We visited on Sunday lunch and enjoyed a bit of everything – the brisket was tender, the chicken juicy and I must admit the black bean and chestnut vegan burger was excellent (I’m very carnivorous and was impressed!). Even the sauces on the side have an added twist, making them extra tasty too.

Too lovely to sit inside one of the fab restaurants on the Quay? Dine casual bbq style with The Smoke Pit and Grill; maybe even treat yourself to a delicious Dartington ice cream after from The Boat Shed. Here’s to a smokin’ summer!

You can find The Smoke Pit and Grill by Beer and Vittles on social media:

Twitter         Facebook           Website

The Swan at Bampton – by Lauren Heath

You know those days, between the seasons, where there’s just enough warmth yet still a chill in the air? There’s the lure of a country walk to inhale fresh air and appreciate nature as she removes her winter layer or gets ready to batten down the hatches.

That feeling seems to envoke the need to find a resting place so as to reward yourself for said walk, or cosy up to comfort yourself if the rain fell. A perfect place to fulfil any such  need or even just as an excuse to get out of the house if the walk had not been possible at all, is The Swan at Bampton.

Situated just outside Tiverton, The Swan at Bampton is owned and run by Paul and Donna for what is now their 10th anniversary year, it has been rewarded with many accolades including Top 50 Gastro Pubs and 2 AA Rosettes. The website informs you that ‘The Swan, being the oldest pub in Bampton, was originally lodgings to accommodate the masons and other craftsmen who were hired to enlarge the church in 1450. St Michaels church can be seen from the terrace just behind the pub.’

It still holds a sense of history with its beams and stoney walls, but has had a beautifully tasteful and modern refurbishment, whilst still keeping warmth and charm.

Having engaged with Paul on social media for some time due to my drooling over his food images, I finally found the perfect excuse to visit – Mothers Day. I didn’t want anything fancy, just a blimmin’ good roast and with his ethos of local meat, and comforting yet modern food, I had no doubt it would be good.

After enjoying a stroll in the sunshine along the Tiverton Canal, we arrived at 4:30 so as to enjoy Linner or Lupper (somehow not the same ring to it as brunch…I’ll fetch my coat!) We settled down at a table near the bar. There was evidence it had been very busy but nonetheless we were welcomed with smiles and served with ease, even Paul gets involved in ensuring his customers are happy (both Paul and Donna cook as well).  With no official children’s menu, the younger ones are encouraged to choose from the mains and they are happy to serve a smaller portion ensuring the children eat just as well as their parents and none of this chicken nugget malarkey. (Don’t get me wrong, they have their place..but when you eat out, eat fresh).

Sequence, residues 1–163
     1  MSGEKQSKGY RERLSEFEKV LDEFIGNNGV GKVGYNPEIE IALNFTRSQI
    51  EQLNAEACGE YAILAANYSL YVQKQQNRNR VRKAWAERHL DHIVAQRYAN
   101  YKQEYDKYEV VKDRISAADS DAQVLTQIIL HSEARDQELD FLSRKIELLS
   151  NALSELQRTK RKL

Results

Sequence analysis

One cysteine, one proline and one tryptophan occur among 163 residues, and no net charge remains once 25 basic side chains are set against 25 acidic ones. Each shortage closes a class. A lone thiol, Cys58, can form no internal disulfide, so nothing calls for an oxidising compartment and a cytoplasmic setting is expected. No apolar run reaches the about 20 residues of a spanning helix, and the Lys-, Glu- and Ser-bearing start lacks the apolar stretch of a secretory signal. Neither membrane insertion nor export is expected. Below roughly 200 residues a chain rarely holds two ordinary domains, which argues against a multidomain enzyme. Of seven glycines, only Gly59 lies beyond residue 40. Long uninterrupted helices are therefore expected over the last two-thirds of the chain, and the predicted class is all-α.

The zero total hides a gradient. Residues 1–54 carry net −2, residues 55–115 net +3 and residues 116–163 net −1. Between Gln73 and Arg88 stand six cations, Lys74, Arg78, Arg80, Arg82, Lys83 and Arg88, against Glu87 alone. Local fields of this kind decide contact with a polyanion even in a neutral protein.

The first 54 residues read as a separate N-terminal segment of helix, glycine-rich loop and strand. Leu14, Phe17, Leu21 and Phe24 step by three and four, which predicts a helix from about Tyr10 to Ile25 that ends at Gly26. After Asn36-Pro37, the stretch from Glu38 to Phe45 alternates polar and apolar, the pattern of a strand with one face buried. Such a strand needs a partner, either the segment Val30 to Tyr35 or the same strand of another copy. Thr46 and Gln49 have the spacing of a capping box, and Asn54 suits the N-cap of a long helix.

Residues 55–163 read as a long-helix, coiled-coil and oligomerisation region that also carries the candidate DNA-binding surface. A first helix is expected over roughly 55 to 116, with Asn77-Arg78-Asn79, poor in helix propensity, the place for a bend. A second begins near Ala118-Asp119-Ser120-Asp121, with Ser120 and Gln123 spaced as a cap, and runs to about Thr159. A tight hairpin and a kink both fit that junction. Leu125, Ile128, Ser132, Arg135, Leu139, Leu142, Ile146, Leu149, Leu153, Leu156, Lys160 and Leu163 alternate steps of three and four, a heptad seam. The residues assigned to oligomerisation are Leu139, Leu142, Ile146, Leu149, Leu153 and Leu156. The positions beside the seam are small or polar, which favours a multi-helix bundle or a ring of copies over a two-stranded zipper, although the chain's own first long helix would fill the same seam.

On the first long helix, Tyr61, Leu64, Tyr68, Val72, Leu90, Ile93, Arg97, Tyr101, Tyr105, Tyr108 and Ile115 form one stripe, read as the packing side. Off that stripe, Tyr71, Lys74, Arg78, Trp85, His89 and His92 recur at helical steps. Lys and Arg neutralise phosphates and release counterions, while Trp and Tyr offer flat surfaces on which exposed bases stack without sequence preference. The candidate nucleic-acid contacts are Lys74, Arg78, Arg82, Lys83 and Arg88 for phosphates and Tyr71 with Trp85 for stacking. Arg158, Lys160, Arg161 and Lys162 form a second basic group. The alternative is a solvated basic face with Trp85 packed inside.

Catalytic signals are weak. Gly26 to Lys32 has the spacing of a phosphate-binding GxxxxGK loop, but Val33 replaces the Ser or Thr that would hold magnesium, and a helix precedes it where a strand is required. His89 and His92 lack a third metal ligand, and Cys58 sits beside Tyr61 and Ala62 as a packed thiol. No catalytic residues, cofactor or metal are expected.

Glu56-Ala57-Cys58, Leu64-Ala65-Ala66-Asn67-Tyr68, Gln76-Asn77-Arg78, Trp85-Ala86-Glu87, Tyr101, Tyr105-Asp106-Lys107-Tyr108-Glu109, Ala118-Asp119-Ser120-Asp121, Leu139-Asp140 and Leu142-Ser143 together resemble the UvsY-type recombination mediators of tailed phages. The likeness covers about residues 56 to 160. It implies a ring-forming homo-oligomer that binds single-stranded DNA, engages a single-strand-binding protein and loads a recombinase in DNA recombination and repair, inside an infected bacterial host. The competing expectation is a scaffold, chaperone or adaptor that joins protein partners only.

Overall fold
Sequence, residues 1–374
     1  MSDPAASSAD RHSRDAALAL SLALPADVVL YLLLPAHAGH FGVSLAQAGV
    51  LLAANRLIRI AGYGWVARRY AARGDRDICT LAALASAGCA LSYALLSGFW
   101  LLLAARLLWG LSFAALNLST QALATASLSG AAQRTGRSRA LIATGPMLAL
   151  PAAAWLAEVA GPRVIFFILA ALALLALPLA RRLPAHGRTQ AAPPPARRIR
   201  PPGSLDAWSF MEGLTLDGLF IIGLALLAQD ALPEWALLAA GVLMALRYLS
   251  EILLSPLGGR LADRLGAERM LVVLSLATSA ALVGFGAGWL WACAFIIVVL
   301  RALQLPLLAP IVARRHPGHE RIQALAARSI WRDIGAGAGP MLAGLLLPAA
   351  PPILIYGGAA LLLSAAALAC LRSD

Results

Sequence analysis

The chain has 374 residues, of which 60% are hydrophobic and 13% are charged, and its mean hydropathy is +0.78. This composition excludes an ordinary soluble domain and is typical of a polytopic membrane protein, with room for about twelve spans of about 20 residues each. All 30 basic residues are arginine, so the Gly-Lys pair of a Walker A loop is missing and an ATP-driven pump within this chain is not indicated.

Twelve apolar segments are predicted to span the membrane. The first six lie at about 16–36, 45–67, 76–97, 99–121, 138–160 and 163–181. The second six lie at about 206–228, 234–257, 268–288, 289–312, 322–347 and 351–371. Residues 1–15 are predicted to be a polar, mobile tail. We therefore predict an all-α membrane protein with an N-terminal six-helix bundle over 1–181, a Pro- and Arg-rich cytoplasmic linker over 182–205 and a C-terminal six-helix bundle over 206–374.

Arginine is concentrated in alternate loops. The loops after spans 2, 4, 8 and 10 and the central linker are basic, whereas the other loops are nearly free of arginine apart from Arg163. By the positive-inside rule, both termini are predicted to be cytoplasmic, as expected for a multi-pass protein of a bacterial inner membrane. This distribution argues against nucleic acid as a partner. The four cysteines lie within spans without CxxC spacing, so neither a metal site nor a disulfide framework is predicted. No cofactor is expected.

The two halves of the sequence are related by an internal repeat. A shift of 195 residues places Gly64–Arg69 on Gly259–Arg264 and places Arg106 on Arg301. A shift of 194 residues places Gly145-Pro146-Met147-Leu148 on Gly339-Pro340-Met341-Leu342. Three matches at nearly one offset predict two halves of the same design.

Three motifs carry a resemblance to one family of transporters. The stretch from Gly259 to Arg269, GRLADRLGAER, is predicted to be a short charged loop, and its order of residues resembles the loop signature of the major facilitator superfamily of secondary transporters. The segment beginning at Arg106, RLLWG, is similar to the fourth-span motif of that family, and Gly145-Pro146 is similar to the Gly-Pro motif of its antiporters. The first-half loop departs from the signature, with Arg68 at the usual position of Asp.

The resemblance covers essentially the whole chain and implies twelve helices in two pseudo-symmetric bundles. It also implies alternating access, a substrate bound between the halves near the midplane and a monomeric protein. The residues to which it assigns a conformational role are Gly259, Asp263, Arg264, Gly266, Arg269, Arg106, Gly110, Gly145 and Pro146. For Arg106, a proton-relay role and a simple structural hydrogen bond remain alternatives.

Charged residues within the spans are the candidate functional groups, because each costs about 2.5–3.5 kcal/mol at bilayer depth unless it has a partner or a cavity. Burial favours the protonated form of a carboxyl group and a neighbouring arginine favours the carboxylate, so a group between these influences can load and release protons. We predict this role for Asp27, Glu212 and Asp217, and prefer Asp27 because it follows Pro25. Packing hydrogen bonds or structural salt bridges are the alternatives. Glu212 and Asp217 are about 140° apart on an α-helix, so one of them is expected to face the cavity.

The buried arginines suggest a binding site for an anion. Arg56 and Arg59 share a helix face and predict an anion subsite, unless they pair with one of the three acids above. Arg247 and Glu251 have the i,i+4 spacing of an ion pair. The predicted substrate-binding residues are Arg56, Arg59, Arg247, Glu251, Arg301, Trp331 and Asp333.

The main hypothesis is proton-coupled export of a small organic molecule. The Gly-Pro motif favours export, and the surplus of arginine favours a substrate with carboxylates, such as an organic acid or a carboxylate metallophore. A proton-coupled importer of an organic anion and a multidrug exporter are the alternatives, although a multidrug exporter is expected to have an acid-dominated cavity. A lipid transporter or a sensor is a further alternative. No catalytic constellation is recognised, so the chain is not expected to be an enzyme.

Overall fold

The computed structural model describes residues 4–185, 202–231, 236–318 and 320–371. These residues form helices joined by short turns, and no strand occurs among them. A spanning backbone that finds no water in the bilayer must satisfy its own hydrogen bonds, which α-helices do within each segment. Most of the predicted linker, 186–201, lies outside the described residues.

So both my hubby and I settled quickly on roast beef and my son wanted the roast pork. There were plenty of main menu items nearly seducing us but I hadn’t had a pub roast in forever, and for once this ensured I didn’t dawdle over my choice.

The pub has its bar placed well in the middle of the ground floor with around 10 tables to the front left and right, fireplaces on either side for those colder days, and a small more cosy dining area set back upstairs with 4 or 5 tables.

Locals surrounded the bar area enjoying a catch up, with roast potatoes on deck for a thirst inducing snack. The bar includes the usual suspects with regards to drinks along with some great local beers and ales. We enjoyed a lager called Curious Brew, brewed using the champange method, it was refreshing and slightly fizzy, a clean and refreshing partner for the impending meat feast.

What arrived was fantastic; beautiful meat, on a bed of crispy roast potatoes, yorkshire pudding and a sticky and sweet oven roasted red onion. My son’s child portion arrived looking very similar and he was delighted to see a bit of fat (how he stays skinny, I’ll never know!). What followed was even more pleasing; not just a bountiful offering of vegetables but a jug of meaty gravy and a jug of cheese sauce!  It was all just gorgeous, and these jugs were an extra I wouldn’t expect to receive but it just shows how Paul and The Swan know what their customers want. The veg consisted of leeks, heritage carrots, broccoli, cauliflower and a wonderful pot of sweet potato mash. All this for £11.95, this was a roast with the most and for a greedy gravy guzzler like me, it was nice not to have to ask for more!

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My son completely cleared his plate which was a sure sign of enjoyment as he has a tendency to get distracted, it goes cold and he leaves some aside…but no dithering here. At £6.50 for a child portion, it includes a bowl of ice cream to satisfy the mini-me’s sweet tooth requirements. He gave it a big thumbs up and 100 out of 100!